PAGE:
AB: A project with ISPR post the attack on Army Public School in Peshawar. We were painting the school after it was rebuilt – a bunch of us were helping out. The vibe was something else – friendly and peaceful. I just didn’t want to leave. That was a memory that made me recognize that being part of the music industry isn’t a song and a dance and all things glam – it gives you the space to help others. That would be my first good, good, good memory associated with music.
Tell us about your debut – what was the inspiration for your first song/album?
AB: My first song was “Nanay Hathoon Mein Kalang”. It was for ISPR for the kids who were attacked. The inspiration behind it was to help these kids, their families; to rebuild that hope – what those families and kids had lost. We are never sure of what is going to happen. Just standing there in that demolished school – it really gave us inspiration to write a song about it .
Your repertoire boasts songs of diverse range – what genre of music do you enjoy most and why?
AB: I was recently sitting with a legendary, international composer in a studio to work on my next album when he asked me what kind of genre I would like to pursue. I was like this is music, and it is all about having no boundaries, no restrictions, no language barriers, no obstacles – we can just be free. I think more than singing in sur, I am more passionate about being versatile. That has worked for me for the past six years. I could be singing anything – rock, rap, folk, classical, hip hop. I don’t have a single genre. For me an album isn’t an album but a chapter of my life. Because to me, the process of writing a song has a story behind it. I don’t want to limit my music with boundaries. I am open to all the genres.
Film, television, jingles, sports anthems, studio collaborations, motivational national songs, you’ve done it all – as an artist and as an individual what have you enjoyed more and why?
AB: I actually enjoyed it all to be honest. It is so much fun. I live my life to its fullest when I am at the studio engaging and brainstorming with creative minds. I feel like I am actually doing something right with my life and bringing about a change. When I am about to hit the stage, I become nervous as I am an introverted person. But once I am up on stage all that changes in an instant – a priceless feeling.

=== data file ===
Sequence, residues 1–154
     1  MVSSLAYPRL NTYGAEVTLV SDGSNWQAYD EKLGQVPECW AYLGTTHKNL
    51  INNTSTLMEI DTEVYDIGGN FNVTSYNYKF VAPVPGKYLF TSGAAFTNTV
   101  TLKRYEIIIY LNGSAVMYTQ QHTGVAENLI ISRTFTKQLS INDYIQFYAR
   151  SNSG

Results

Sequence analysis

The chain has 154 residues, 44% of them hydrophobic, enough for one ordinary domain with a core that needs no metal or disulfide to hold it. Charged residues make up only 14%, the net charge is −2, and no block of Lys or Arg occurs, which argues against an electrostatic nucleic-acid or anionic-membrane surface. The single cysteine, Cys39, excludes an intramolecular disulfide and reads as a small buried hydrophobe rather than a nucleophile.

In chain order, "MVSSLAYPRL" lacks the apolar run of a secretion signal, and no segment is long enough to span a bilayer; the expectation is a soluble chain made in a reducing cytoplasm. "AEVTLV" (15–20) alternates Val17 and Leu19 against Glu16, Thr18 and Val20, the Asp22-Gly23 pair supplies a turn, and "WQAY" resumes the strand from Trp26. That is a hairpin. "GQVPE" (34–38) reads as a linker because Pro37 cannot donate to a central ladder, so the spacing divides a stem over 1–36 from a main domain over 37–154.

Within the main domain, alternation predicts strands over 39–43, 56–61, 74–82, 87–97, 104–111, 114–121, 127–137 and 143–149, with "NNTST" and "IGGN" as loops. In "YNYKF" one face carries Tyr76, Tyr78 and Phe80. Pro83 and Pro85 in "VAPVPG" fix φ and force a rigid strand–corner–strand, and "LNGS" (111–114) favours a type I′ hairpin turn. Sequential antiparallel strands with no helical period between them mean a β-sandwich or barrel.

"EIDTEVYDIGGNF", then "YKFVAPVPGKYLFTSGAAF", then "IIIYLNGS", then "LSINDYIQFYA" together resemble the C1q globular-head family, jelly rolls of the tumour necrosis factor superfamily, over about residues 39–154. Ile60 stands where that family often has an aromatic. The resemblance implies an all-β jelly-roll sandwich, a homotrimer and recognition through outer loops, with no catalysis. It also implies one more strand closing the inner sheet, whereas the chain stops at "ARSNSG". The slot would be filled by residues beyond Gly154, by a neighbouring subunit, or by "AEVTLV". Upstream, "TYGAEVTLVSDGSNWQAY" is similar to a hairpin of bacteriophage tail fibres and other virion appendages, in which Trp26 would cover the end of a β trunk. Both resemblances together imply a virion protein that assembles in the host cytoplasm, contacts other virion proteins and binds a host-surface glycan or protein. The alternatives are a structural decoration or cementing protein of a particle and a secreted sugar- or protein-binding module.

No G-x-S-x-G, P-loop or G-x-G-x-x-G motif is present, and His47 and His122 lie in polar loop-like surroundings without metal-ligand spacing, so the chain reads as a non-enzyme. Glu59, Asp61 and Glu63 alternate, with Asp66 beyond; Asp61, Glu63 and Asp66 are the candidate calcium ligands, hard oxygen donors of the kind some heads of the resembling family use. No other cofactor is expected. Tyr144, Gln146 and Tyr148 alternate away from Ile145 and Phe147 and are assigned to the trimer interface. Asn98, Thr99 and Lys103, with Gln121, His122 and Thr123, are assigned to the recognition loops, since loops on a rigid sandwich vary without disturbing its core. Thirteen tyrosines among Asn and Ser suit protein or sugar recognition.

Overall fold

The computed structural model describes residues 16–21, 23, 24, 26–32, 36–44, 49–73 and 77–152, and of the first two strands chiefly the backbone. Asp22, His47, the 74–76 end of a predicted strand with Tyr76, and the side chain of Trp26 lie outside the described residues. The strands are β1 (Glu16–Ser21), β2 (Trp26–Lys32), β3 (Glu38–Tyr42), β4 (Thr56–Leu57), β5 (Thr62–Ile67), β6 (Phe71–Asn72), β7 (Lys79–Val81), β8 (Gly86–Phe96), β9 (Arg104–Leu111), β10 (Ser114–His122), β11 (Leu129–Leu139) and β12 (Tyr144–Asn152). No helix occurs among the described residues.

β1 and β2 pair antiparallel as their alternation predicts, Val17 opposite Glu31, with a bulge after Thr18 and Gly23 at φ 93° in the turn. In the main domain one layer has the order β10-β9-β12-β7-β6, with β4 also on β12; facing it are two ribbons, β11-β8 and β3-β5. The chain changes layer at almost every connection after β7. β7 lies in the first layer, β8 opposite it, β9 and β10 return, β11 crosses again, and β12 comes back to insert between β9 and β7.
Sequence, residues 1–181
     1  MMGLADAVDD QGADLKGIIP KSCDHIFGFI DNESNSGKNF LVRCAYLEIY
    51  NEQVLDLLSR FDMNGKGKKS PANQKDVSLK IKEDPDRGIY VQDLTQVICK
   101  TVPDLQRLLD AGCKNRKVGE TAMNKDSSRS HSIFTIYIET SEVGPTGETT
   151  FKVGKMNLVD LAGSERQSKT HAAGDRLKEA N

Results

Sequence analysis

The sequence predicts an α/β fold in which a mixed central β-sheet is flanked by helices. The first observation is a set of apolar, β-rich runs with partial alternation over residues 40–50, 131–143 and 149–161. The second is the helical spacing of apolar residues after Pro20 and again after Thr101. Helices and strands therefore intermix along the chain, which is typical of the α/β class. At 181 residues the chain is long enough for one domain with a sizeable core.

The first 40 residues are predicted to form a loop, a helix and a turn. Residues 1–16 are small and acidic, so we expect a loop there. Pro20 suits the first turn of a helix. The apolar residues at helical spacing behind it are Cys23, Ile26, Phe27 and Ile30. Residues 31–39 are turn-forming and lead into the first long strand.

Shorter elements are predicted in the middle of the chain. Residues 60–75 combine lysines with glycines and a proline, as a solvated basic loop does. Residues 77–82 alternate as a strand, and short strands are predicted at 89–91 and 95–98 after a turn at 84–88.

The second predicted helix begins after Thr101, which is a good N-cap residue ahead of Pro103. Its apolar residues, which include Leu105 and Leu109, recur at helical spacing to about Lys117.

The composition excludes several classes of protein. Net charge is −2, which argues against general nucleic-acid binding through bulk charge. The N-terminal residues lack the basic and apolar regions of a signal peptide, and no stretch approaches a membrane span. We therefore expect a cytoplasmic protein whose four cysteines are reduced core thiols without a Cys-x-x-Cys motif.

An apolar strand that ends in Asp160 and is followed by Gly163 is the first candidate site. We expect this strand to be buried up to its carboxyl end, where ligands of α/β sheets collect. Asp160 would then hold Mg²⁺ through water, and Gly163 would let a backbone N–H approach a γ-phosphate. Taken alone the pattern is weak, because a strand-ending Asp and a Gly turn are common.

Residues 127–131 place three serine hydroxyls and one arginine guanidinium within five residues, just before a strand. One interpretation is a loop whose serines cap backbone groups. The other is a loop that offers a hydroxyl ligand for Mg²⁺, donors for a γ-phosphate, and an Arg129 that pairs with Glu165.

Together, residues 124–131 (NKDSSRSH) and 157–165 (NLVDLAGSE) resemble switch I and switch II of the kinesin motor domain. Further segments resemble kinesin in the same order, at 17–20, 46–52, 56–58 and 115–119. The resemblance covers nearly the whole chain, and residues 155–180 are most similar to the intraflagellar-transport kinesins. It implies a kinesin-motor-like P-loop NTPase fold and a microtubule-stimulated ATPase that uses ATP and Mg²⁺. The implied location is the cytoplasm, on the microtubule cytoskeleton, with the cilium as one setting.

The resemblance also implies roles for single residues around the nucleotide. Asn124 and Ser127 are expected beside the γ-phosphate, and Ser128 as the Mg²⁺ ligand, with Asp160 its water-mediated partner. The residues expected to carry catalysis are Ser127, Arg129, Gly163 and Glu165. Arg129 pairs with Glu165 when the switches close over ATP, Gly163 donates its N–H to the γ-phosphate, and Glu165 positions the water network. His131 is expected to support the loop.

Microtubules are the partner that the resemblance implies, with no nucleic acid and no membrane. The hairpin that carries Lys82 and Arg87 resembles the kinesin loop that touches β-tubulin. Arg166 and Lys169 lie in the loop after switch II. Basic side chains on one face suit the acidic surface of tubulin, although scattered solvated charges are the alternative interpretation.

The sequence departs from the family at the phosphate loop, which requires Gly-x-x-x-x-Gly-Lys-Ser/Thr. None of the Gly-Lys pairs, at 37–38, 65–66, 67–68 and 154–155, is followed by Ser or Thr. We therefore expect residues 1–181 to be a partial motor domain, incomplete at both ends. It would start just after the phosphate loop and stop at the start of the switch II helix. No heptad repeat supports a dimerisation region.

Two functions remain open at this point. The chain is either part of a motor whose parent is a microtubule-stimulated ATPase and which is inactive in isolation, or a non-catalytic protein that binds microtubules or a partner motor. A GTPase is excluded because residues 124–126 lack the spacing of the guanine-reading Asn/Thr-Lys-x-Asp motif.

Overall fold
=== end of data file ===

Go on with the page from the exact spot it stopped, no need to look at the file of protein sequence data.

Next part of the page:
What would you define as a dream project?
AB: To produce my own documentary – one that documents everything an artist goes through both personally and professionally. Like an artist’s reflection of the life of a fellow artist. I dream of having my own production house one day where I can compose songs for others as well as help upcoming artists with their big break. I am only 27 but I feel I am 72 because I have this motherly instinct in me. I really want to help others fulfil their dreams. I would love to do world tours and promote new artists.
Any international collaborations/projects in the offing?
AB: There are a bunch and I am really excited about them. I think this is a huge step forward to be heading where I would want to see myself. With each success, I’m always like ‘oh, now I want to reach another level’. It’s a constant battle within yourself which one day I hope to make peace with.
Had you not been a musician, what might have been your alternate calling?
AB: I would be a writer – a script writer; I could also have been a chef because I love cooking. But I do make quite a bit of a mess so I am not sure about that. Maybe, I could be someone’s manager because I manage things really well.
How do you tackle controversy?
AB: I don’t tackle. My mantra is I don’t tackle. I just let it be. And you know, eventually the madness dies down. I strongly believe that each controversy, each uproar, each scandal has a certain timeline and eventually it passes, everything goes back to normal and everyone forgets about it. In the beginning I would really get affected by such things, because deep down I am a very emotional person. I’m a Piscean and I’m sensitive. But being in the industry, I’ve become a strong person – these trivial things don’t matter to me anymore. Negative comments about me, or my family or how I am dressed, how I am singing, about my songs – I no longer really pay attention. I let it go. I try to stay away from Instagram and other social media platforms. In the beginning of my career that wasn’t the case. But I learnt my lesson, that the more you’re going to be in touch, the online commentary will drive you crazy and scar you. I only had one controversy that scared me and I’ve learnt so much from it – it was enough for me to learn a lesson.